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By Michelle Nichols
NEW YORK, March 28 (Reuters) - Russian authorities tortured and abused former Guantanamo Bay detainees when they were returned home from the U.S. military prison camp for terrorist suspects, a human rights group said on Wednesday.
New York-based Human Rights Watch accused Moscow of reneging on a pledge to Washington that the seven detainees returned in 2004 after two years at Guantanamo Bay in Cuba would be treated humanely.
"Upon their return, the Russian authorities have variously harassed, detained, mistreated, and beaten the former Guantanamo detainees since they returned," a Human Rights Watch report, "Stamp of Guantanamo: The Story of Seven Men Betrayed by Russia's Diplomatic Assurances to the United States," said.
"Two of them have been tortured and are in prison after investigations and trials that did not meet international fair trial standards; one has been tortured and is in prison awaiting trial; the other four are either abroad or hiding."
The Russian Embassy in Washington was not immediately available for comment.
"Although they complained of mistreatment by the Americans, all of the detainees repeatedly asked authorities at Guantanamo not to be returned to Russia because they expected to be treated worse there," Human Rights Watch said.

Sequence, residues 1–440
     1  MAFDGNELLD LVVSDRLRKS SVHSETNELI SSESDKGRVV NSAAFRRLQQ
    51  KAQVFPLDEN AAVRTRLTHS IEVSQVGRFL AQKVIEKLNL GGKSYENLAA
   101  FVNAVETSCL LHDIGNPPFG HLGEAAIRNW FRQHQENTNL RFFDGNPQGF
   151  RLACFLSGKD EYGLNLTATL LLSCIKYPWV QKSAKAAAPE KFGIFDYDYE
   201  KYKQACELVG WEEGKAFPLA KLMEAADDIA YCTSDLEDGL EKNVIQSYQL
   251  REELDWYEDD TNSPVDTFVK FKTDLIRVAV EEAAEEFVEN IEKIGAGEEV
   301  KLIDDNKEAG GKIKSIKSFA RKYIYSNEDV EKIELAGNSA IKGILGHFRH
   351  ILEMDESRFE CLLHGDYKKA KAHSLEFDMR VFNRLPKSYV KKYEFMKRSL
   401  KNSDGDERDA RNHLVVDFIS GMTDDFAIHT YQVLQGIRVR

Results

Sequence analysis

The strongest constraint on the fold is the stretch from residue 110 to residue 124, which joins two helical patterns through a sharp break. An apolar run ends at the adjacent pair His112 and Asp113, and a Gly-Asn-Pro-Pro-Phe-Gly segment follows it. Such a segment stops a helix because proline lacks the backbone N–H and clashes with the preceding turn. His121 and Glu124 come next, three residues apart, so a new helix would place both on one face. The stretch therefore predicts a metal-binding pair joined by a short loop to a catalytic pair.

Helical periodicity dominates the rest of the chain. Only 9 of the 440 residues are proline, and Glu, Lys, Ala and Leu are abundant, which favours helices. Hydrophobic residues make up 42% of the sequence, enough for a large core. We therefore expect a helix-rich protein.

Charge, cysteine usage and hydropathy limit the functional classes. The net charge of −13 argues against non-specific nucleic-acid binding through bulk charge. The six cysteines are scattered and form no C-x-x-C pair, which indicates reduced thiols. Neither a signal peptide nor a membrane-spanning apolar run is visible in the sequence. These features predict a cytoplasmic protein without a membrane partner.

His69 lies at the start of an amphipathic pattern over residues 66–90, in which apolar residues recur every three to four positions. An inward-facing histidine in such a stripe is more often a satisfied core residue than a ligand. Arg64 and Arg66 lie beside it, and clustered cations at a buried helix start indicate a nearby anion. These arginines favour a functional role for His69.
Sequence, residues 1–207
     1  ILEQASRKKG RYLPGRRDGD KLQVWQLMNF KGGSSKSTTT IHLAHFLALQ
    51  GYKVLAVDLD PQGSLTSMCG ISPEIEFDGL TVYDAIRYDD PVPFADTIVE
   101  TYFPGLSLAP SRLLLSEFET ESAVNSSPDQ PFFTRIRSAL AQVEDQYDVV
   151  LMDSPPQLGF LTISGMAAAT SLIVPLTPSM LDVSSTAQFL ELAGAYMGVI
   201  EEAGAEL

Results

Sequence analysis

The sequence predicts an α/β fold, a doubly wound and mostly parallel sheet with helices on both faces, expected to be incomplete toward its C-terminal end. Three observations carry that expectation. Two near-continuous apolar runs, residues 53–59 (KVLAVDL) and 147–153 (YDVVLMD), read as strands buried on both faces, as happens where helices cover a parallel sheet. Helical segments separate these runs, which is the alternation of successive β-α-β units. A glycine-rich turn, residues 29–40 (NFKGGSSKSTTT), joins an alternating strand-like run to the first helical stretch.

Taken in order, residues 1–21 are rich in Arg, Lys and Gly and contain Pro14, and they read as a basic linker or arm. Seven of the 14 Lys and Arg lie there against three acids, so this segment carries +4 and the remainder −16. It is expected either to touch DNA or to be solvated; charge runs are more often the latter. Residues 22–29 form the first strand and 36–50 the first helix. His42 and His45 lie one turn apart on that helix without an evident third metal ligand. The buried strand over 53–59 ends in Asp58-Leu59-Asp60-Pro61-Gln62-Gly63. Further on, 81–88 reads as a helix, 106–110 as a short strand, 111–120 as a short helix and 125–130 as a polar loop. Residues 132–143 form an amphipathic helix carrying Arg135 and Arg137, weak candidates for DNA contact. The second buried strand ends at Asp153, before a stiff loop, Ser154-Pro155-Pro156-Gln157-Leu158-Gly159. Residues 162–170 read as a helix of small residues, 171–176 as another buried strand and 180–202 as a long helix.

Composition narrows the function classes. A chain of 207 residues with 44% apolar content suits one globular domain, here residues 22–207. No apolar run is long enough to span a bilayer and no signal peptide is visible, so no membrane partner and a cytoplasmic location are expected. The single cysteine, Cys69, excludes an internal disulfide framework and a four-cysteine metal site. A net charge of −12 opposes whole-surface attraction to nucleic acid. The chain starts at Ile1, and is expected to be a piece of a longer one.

The group called on the U.S. government to stop relying on diplomatic assurances that returned detainees would not be tortured and to ensure any person subject to a transfer is able to challenge that transfer before an impartial body.
U.S. Army Col. Gary Keck, a Pentagon spokesman, said the U.S. government worked closely with any governments to whom it released detainees.
"It is expected that they will be treated humanely when they are transferred to those gaining governments," he said.
Human Rights Watch also said Washington should stop urging other governments to detain and prosecute Guantanamo detainees unless there is adequate evidence, and protest publicly and at diplomatic level against the mistreatment of former detainees.
"Immediate responsibility for the suffering of these seven Russian men lies of course with the Russian government. But the U.S. government must bear its share of the blame as well," the report said.
"Given the commonplace nature of torture by Russian law enforcement, it seems implausible that the Americans could have sent home these seven men, branded as they were by the 'stamp of Guantanamo,' and expected them to suffer anything less than the misery that they have, in fact, endured," it said. (Additional reporting by Kristen Roberts in Washington)